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My husband and son passed away within 6 months of each other.  My husband’s half-sister (same mother),  is an avid LDS  member.  She wants to seal and baptize both in the LDS faith.  I have enjoined her and the LDS from this act in perpetuity, by writing letters. What else can I do to prevent these acts from taking place?  What assurance do I have that my requests will be followed?





Dear Iris,

I’m sorry to hear about your double loss and offer my condolences. You have some options available to you in preventing posthumous ordinance work for loved ones. I’ll get to that, but I’d like to help you understand where your half-sister-in-law is coming from and hopefully also acknowledge your grief and concern in this matter.

Honoring the Dead

The Church of Jesus Christ of Latter-day Saints teaches the immortality of the human soul and the precious gift of agency. Latter-day Saints take seriously the claim that an individual’s personhood continues even after death. A person still feels, thinks, hopes, wills, and desires. They still maintain friendships and recognize loved ones who have also passed on. And, through the power of Christ’s Atonement, they will one day be judged by Him and resurrected.

Latter-day Saints also take seriously the claim that God has given us agency whereby we may act out our feelings, thoughts, hopes, will, and desires. God honors a person’s choice to voluntarily enter His kingdom through baptism, or to refuse it. He also honors when a person changes their mind, reverses their position, and opts instead to deny their baptism or to finally receive it. As one of our hymns states, “God will force no man to heaven.”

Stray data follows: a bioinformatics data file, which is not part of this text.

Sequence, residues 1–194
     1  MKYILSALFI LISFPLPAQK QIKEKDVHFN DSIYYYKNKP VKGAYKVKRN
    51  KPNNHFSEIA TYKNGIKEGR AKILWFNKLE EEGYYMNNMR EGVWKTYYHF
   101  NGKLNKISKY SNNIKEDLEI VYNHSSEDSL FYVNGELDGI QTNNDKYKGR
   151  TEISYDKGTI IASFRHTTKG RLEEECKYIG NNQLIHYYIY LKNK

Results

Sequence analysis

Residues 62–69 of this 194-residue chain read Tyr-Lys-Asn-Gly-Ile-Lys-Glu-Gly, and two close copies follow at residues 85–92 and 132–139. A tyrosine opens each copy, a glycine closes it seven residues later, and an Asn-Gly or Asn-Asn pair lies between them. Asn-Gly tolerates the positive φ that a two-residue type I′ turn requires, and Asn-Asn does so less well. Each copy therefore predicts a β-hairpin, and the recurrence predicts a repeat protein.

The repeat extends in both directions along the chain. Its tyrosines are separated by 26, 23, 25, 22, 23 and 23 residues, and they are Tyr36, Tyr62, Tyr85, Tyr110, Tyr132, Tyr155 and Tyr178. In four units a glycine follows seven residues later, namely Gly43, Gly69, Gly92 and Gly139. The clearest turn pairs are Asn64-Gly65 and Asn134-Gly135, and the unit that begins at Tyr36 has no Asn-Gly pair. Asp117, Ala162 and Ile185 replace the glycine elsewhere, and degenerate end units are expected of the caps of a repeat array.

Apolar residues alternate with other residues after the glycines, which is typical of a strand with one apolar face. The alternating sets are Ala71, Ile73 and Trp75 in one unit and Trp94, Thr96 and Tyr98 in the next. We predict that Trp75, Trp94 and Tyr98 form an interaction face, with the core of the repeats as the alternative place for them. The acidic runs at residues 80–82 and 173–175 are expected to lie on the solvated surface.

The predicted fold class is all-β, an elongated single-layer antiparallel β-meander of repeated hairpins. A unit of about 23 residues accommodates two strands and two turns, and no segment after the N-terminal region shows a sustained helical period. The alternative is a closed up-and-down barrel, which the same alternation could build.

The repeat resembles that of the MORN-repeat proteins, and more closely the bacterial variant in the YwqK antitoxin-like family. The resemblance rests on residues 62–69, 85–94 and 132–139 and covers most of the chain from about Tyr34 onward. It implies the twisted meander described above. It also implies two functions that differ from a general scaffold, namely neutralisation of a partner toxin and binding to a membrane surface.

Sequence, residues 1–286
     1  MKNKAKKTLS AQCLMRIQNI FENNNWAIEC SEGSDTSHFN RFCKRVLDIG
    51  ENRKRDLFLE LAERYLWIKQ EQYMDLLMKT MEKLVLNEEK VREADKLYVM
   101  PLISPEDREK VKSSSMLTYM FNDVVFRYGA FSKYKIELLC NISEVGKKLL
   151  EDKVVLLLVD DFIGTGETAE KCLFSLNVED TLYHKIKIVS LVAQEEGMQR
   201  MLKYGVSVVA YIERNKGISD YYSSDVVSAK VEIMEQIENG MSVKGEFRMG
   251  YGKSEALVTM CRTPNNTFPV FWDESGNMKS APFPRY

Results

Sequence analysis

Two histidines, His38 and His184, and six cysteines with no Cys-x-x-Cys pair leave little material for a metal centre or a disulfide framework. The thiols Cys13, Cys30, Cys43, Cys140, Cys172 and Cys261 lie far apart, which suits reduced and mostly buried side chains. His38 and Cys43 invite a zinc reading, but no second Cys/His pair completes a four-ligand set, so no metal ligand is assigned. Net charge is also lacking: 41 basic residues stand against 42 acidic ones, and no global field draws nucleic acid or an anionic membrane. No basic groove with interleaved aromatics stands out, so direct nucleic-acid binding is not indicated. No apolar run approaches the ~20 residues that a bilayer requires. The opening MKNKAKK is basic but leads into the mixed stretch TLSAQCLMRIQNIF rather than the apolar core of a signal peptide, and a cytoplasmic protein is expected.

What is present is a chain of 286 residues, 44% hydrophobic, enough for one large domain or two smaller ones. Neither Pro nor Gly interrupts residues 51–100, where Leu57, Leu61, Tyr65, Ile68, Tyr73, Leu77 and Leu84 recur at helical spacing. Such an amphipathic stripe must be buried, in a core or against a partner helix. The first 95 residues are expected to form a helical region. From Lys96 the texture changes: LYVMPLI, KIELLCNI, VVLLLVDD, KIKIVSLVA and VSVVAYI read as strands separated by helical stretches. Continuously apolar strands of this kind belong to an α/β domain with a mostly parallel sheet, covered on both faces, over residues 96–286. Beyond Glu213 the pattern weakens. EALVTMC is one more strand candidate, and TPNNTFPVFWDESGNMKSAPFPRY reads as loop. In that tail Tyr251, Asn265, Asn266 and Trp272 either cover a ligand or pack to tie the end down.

Uniting these doctrines is the practice of baptism for the dead and other temple ordinances like sealing families together. If a person really believes that these ordinances have efficacy, they will naturally want to extend them to those they love. If there is no such offer you may begin to wonder whether they actually love their dead or if they really don’t believe these doctrines after all. It’s akin to Christians who believe in a literal hell and a requirement of true belief to escape it. They may witness to us imperfectly but we can see when it comes from a place of love (and may even worry about our relationship if that witnessing ever stops).

When your brother’s half-sister requests her desire to have your husband and son baptized she is expressing her love for them and wishes to honor them. She recognizes that your son and your husband still exist and have being, and that their bodies are only temporarily separated from them. She is also aware that they may not wish to be baptized into the Church of Jesus Christ of Latter-day Saints. Performing this ordinance extends the offer to the deceased, but it does not compel them to accept. It is a statement of her faith and love, and is not efficacious without your husband’s or your son’s faith — the current faith they now have today.

Honoring the Living

The Church recognizes that not everyone sees such things the way we do. We recognize the grief and mourning that comes with death. We recognize the desire to hold dear the memory of our departed dead as they were. We also recognize that we are not the only ones who love, mourn, and miss those who have passed on.